Council is required by law to keep a register of water cooling and warm water systems.
Cooling towers are defined as a ‘regulated system’ under the Public Health Act 2010. During their operation they create a warm environment which is favourable to the growth and proliferation of legionella and other bacteria. For this reason, the Public Health Act 2010 and Public Health Regulation 2022 specify requirements for cooling towers and other regulated systems to minimise the risk of legionella outbreaks.
The Legionella bacteria can cause a type of pneumonia (an infection of the lung), which can be fatal, known as Legionnaires disease and/or Pontiac fever (a mild flu-like illness). The disease has an incubation period from 2 to 10 days for the symptoms to develop after inhaling the bacteria. The legionella bacteria are transmitted through aerosols.
Outbreaks of Legionnaires disease occur from time to time but are preventable. Legionella bacteria can grow in poorly operated and maintained water-cooling systems and warm-water systems, particularly those systems which are not maintained in a clean condition and continuously treated with a biocide to control Legionella bacteria, algae and biofilms. For more information, download the Legionnaires Disease Fact Sheet or visit the NSW Health website.
The Public Health Regulation 2022 requires a performance based or risk management approach to managing cooling water systems.
The Public Health Regulation 2022 has recently been amended to require a performance based approach to managing water cooling systems. This allows each system to be managed according to its risk of Legionella contamination.
Building occupiers are required to ensure that the following six safeguards are in place for their cooling water systems:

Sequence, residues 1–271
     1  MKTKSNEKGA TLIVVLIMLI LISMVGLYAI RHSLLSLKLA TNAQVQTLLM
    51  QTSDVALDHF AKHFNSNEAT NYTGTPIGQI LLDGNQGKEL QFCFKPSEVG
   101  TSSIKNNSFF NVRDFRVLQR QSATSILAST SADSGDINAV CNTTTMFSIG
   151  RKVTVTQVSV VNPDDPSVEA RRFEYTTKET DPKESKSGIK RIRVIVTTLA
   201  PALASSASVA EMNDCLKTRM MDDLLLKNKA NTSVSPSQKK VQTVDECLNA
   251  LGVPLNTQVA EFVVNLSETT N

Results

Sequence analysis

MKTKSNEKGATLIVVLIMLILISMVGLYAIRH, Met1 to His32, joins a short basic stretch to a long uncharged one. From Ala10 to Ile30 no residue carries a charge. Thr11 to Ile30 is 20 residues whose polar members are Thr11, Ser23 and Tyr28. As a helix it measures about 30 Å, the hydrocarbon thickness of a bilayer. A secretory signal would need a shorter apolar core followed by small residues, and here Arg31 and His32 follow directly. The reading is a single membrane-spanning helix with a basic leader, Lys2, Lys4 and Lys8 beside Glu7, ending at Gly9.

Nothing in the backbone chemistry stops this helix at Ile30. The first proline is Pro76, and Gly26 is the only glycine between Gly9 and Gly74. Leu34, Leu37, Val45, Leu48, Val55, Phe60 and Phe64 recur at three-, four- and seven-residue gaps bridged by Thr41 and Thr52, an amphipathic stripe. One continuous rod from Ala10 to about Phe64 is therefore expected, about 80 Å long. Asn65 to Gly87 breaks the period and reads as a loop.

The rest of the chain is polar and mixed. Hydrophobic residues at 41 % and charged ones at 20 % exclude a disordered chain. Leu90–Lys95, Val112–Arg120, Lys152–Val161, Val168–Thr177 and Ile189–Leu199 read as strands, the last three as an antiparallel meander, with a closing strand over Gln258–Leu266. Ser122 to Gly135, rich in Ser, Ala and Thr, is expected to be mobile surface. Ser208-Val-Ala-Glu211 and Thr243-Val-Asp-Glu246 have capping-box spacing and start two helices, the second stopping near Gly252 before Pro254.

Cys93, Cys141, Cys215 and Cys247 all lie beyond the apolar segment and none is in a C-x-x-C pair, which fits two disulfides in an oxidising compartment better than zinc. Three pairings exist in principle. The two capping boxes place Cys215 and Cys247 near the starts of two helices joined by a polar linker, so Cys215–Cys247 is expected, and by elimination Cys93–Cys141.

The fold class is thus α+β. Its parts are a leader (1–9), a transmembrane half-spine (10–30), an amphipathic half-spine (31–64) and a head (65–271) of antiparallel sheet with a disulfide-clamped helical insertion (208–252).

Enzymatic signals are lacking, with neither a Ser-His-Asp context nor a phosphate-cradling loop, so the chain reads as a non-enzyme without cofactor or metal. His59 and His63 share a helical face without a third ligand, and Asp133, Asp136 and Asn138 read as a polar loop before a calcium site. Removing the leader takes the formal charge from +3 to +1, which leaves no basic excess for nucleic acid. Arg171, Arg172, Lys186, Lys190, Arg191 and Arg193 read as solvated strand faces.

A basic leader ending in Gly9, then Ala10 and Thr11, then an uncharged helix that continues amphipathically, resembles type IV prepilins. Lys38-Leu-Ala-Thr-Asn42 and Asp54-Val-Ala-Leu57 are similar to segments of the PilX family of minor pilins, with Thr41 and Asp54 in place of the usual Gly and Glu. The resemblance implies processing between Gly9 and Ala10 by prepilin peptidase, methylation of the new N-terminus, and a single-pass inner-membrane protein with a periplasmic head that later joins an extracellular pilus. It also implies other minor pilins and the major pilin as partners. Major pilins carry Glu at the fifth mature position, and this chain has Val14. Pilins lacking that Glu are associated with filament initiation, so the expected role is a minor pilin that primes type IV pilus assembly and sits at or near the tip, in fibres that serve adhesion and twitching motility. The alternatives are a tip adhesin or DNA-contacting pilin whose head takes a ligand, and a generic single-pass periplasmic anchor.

- Risk assessment of Legionella contamination, documented in a Risk Management Plan (RMP) – every five years (or more frequently if required)
- Independent auditing of compliance with the RMP and Regulation – every year
- Provide certificates of RMP completion and audit completion to Council
- Sampling and testing for Legionella and heterotrophic colony count – every month
- Notifying reportable laboratory test results (Legionella count ≥1000cfu/mL or heterotrophic colony count ≥5,000,000 cfu/mL) to Council
- Displaying unique identification numbers on all cooling towers.
The NSW Guidelines for Legionella Control in Cooling Water Systems provides guidance on the safe and effective management of water cooling systems for all stakeholders. It provides guidance on the above requirements.
Approved forms for cooling water systems
NSW Health has developed a training course on Legionella Control in Cooling Water Systems with TAFE NSW. The course provides an overview of the science relating to Legionnaires’ disease outbreaks, cooling water management, and the roles, responsibilities, and requirements under the Public Health Regulation 2022.
Completion of this course is a requirement for approval to conduct audits of cooling water systems. Occupiers and building managers would also benefit from completing this course.